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November 5, 2009

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Home » Business » Auto

No-sale decision sparks walkouts

WORKERS at auto maker Opel planned walkouts to protest General Motor Co's decision not to sell the European subsidiary, while Germany's government vowed yesterday to recover 1.5 billion euros (US$2.2 billion) it loaned GM to finance the sale.

Klaus Franz, Adam Opel GmbH's top employee representative, said workers would start brief work stoppages today.

GM decided late Tuesday to pull out of the deal with Magna International Inc and Russian bank Sberbank. It was an abrupt end to months of negotiations that saw the German government agree to provide 4.5 billion euros in financial aid for the deal, reached in September.

German labor and government officials strongly favored the sale as the option most likely to save German jobs.

Economy Minister Rainer Bruederle said the government would now seek to recover the bridge financing the government gave Opel last year to keep it afloat until Canadian auto parts maker Magna and Sberbank could take a 55 percent stake.

"We will get the taxpayers' money back," he said yesterday.

GM Europe spokesman Karin Kirchner said the company is prepared to repay the 1.5 billion euro bridge loan from the German government. "If we're asked, GM will repay the bridge loan in question," Kirchner said.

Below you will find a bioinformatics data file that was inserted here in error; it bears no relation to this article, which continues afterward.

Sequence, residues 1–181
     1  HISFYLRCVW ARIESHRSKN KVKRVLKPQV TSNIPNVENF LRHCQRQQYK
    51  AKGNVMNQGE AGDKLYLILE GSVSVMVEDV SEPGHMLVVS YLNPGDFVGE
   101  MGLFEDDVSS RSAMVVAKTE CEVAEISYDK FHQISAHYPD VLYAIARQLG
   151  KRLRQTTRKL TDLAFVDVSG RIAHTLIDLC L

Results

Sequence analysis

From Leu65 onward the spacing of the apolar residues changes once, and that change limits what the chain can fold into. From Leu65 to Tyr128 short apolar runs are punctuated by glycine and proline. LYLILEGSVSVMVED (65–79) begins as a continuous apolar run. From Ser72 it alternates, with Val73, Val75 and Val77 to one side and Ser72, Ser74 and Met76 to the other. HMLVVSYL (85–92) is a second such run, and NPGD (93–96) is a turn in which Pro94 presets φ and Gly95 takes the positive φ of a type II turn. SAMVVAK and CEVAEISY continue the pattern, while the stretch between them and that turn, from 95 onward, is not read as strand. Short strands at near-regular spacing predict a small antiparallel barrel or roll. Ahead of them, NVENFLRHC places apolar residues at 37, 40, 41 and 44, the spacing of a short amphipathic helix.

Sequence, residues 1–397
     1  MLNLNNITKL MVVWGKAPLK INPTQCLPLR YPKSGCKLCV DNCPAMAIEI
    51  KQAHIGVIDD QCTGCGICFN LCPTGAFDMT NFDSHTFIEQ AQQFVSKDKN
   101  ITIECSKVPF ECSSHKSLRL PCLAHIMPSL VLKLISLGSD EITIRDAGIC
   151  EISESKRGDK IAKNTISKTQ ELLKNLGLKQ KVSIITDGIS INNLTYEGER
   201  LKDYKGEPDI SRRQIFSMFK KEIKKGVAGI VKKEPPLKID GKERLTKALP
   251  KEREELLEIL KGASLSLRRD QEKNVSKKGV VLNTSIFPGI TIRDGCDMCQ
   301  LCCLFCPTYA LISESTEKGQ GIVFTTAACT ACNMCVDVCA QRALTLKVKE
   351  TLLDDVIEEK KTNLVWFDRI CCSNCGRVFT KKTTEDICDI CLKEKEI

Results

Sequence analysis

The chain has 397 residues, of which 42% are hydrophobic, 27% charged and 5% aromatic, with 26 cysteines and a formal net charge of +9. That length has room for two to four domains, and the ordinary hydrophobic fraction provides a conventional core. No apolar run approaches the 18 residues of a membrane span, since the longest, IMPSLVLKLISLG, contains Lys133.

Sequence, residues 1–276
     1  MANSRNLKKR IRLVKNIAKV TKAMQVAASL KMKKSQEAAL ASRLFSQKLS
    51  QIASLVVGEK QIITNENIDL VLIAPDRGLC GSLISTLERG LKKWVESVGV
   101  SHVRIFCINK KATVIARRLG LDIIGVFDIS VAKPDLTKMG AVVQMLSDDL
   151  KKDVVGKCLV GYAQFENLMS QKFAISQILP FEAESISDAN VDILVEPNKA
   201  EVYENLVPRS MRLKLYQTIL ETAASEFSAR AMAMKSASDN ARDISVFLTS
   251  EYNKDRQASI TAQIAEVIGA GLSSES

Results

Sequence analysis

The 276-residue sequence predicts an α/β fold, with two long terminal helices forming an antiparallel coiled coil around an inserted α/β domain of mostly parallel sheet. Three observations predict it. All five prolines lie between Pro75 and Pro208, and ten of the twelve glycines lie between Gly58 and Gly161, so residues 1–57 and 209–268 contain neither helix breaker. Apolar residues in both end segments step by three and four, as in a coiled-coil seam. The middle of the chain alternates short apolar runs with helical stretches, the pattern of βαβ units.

Industrial union IG Metall said workers at Opel's four German plants would halt work today, followed by similar moves tomorrow at other Opel locations in Europe. Opel has more than 25,000 workers in Germany.

GM Europe, which employs around 50,000 workers, also markets brands including Cadillac and Chevrolet in Europe. It produces the Vauxhall brand in Britain.

"I expect (GM) to lay its restructuring plans on the table as quickly as possible," said Bruederle, who took over the post of economy minister last month, after Chancellor Angela Merkel's re-election.

GM Chief Executive Fritz Henderson said the decision by the company's board was the result of an overall improvement in Europe's business environment and GM's health since it put the division up for sale late last year.

GM once favored a rival bid by investment firm RHJ International, in part for fear that Magna and Sberbank could create competition for Chevrolet in Russia, a key market for the auto maker.

Earlier this year, GM's new, post-bankruptcy board had ordered the management to consider more options, including keeping Opel, in part over worries that the company could lose control of shared GM-Opel technology and patents to competitors.

Opel, in its own brief statement yesterday, said GM's decision showed that the Opel and Vauxhall units play an important role in the global GM family, "a position that GM doesn't want to give up."

GM's announcement came the same day that Merkel spoke to a joint session of the United States Congress and after she had departed for Germany.

Henderson said GM will work with Europe's unions "to develop a plan for meaningful contributions to Opel's restructuring."

GM will first have to face indignation from German labor leaders. "We won't help shape the way back to General Motors," said Franz, the head of Opel's works council.

"Instead, we'll take up our classic function of defending the workers," he said without elaborating.


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